Channel 1 is very clear, expressive and dynamic, and it responds well to overdrive and clean boost pedals. The Voice control should be regarded as a necessity rather than a luxury because the low end is simply enormous. If you play through a bassy-sounding cabinet or speakers, or if space constraints force you to place a cabinet against a wall or in a corner, bass roll-off may be required to keep the boominess at bay. Matamp suggest that the feature is intended primarily for humbuckers, but we ended up using it with Stratocaster’s single-coils too.

The clear tones have a degree of hi-fi clarity that allows the subtleties of pickup tones and playing touch to come through. There is plenty of tone shaping power with the tone controls, but the sound never takes on any of the ‘processed’ quality that occasionally characterises amps with extensive eq controls. The high frequencies remain sweet and the midrange has a woody texture that takes on a smooth growl with higher output pickups or higher-gain settings. Even flat out, the most you’ll get is a smooth breakup rather than out-and-out overdrive, and your speakers may actually be distorting more than the amp itself.

With the master and tone controls set identically and the volume levels balanced as closely as possible, it’s hard to detect any difference in tone between the two channels. If pushed, we’d say that Channel 1 is ever so slightly clearer and the mids are thicker on Channel 2… but there’s hardly anything in it. The difference is that this ‘equivalency’ is achieved with Channel 1’s gain control at one o’clock and Channel 2’s barely turned on, so the gain range of Channel 2 is far wider. Fine adjustments are possible because clipping comes on very gradually. A thick and chewy overdrive is well to the fore by the time the gain control passes the halfway point, and Channel 2 reaches full-on distortion with Gain maxed out. That said, it’s more of a classic big British amp tone than modern crunch or high gain, and you can still clean up the sound from your guitar volume.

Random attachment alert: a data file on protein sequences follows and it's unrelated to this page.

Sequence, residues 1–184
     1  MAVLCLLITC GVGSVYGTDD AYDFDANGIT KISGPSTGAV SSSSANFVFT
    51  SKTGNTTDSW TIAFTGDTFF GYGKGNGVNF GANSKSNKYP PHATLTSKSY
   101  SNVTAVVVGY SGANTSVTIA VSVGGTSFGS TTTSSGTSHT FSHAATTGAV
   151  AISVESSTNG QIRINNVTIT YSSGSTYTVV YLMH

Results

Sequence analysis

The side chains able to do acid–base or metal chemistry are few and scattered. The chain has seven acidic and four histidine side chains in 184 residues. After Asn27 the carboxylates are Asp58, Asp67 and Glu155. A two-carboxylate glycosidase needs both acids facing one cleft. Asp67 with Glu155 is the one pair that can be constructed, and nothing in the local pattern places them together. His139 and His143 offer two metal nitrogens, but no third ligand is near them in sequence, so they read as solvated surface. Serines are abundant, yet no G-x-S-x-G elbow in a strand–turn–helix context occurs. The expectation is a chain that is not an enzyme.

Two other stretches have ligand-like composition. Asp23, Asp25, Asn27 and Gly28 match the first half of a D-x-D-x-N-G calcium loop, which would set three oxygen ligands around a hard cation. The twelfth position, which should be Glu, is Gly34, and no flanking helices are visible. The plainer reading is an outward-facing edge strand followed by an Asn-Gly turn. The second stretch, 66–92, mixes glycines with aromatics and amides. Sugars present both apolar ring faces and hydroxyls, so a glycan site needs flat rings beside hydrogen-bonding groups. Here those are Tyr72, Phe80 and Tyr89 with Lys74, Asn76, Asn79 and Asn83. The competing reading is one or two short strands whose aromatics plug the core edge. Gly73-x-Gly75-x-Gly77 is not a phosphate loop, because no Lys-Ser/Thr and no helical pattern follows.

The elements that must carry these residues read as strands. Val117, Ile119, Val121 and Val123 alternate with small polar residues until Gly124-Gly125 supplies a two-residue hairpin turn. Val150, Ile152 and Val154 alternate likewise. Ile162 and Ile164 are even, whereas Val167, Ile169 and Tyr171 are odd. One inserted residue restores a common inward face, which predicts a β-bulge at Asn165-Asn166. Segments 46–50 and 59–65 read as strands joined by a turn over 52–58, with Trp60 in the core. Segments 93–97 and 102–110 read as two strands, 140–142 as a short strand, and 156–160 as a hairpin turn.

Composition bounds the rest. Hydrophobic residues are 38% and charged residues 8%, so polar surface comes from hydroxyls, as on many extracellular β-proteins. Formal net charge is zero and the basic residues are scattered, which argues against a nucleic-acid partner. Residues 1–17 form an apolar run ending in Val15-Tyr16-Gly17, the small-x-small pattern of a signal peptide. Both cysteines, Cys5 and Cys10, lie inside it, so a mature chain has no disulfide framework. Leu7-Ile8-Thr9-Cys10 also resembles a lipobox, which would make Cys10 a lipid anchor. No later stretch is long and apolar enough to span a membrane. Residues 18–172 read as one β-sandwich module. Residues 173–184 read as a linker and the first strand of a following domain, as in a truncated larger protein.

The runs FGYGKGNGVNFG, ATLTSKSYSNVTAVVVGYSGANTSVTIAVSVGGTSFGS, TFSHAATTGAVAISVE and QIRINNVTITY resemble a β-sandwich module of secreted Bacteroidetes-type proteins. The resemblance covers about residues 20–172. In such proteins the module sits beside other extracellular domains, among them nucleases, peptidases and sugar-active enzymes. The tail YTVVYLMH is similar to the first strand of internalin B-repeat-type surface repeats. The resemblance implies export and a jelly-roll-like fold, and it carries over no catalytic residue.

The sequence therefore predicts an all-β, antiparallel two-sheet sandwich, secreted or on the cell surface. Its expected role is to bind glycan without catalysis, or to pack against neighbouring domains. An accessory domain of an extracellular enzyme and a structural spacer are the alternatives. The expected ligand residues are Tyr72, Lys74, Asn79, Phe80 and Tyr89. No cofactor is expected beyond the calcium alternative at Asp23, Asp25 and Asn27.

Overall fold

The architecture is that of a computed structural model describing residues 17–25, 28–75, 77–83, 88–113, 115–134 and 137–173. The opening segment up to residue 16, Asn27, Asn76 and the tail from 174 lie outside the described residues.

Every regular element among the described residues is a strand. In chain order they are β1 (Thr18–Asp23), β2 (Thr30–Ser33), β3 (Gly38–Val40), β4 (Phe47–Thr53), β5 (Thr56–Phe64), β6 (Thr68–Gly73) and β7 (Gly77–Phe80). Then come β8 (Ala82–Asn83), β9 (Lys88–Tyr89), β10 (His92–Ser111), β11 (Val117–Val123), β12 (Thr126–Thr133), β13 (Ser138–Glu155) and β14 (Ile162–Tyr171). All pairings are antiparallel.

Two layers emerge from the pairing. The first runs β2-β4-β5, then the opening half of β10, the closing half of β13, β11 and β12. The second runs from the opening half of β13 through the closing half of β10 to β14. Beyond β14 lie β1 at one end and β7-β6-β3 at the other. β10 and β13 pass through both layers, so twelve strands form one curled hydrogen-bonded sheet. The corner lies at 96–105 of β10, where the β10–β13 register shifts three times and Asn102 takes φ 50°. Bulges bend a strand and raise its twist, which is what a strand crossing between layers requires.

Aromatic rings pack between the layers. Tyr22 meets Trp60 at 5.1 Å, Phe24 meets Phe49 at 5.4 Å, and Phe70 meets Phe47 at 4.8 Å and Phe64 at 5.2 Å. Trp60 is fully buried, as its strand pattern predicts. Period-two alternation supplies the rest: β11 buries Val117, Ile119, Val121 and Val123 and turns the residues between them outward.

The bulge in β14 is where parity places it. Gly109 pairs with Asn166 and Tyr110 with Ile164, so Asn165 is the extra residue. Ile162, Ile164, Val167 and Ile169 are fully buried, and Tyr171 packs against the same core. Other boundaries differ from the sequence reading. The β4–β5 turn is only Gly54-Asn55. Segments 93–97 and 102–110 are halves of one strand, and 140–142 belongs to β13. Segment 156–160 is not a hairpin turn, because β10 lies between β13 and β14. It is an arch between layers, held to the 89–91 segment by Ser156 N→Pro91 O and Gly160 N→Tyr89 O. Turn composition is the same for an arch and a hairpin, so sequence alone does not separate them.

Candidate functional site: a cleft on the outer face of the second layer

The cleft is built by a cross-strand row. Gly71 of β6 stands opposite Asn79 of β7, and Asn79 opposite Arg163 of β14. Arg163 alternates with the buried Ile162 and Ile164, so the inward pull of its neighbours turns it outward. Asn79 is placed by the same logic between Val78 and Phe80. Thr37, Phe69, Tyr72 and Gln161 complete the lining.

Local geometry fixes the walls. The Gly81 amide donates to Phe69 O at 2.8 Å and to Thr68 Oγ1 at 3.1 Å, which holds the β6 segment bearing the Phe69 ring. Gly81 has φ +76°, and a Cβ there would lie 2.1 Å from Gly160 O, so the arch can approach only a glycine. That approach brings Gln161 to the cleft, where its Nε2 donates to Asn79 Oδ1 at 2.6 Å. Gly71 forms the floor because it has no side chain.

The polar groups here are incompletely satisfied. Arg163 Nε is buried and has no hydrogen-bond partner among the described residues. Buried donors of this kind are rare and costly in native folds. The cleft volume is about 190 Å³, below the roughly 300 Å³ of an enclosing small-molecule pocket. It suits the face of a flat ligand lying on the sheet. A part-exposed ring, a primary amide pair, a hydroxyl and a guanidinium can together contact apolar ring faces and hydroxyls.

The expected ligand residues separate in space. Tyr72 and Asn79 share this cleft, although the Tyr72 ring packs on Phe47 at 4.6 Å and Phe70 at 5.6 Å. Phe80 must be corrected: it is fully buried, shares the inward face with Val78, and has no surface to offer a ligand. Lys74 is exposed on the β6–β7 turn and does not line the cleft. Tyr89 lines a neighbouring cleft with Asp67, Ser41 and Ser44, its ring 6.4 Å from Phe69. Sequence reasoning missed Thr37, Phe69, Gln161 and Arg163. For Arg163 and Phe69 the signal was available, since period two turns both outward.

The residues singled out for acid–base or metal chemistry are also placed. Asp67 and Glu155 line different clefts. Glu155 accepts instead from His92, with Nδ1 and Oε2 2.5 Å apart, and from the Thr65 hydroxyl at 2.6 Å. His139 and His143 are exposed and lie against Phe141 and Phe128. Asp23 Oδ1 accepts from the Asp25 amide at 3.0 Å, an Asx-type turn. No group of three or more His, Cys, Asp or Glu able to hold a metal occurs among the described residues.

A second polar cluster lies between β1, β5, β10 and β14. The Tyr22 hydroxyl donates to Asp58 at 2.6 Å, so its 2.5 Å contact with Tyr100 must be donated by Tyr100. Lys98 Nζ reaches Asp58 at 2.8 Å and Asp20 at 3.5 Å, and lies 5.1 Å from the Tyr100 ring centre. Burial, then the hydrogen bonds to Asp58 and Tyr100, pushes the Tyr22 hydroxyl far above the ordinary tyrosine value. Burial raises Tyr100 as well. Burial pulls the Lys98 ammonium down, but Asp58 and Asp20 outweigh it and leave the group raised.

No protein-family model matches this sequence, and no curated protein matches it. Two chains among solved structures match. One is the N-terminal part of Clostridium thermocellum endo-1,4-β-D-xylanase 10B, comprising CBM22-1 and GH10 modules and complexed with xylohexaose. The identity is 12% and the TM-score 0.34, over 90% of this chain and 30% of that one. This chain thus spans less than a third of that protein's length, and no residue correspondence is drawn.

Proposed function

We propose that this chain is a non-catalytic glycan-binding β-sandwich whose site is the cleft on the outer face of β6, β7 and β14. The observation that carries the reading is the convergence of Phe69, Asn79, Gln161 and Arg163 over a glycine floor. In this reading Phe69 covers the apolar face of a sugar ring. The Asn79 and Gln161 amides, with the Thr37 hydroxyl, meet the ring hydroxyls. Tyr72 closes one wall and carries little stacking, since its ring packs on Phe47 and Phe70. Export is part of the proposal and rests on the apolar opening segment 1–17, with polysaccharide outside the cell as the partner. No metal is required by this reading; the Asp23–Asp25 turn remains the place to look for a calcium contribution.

As you might expect, dialing in the boost raises volume but, if Gain is already set high, the extra overdrive and upper harmonics are even more apparent. As with the Gain controls an obvious sweet spot is reached around the one o’clock mark and the GT2 eases into a seriously heavy and harmonically rich distortion with a hint of fizziness only creeping in as gain approaches maximum. Power chords sound huge, and lead lines have effortless sustain with ample pick attack and clarity.

Matamp has been hand-building valve amps since rock music was in its infancy. The GT2 is beautifully made, and it’s obvious that it hasn’t simply rolled off a regular factory production line. The triode switching adds to the versatility, but the sheer power of the GT2 almost demands a 2×12″ cabinet, at the very least, so on balance, it’s better suited to larger stages rather than pub and small club gigs.

The designers have clearly paid equal attention to the clean and dirty tones, making it a versatile amp. Even at its dirtiest the GT2 stops short of ultra-scooped mids iced with a layer of white noise that characterise many modern high-gain US amps, and this is no bad thing, as it’s clarity and touch dynamics which really distinguish the GT2 from the crunch crowd.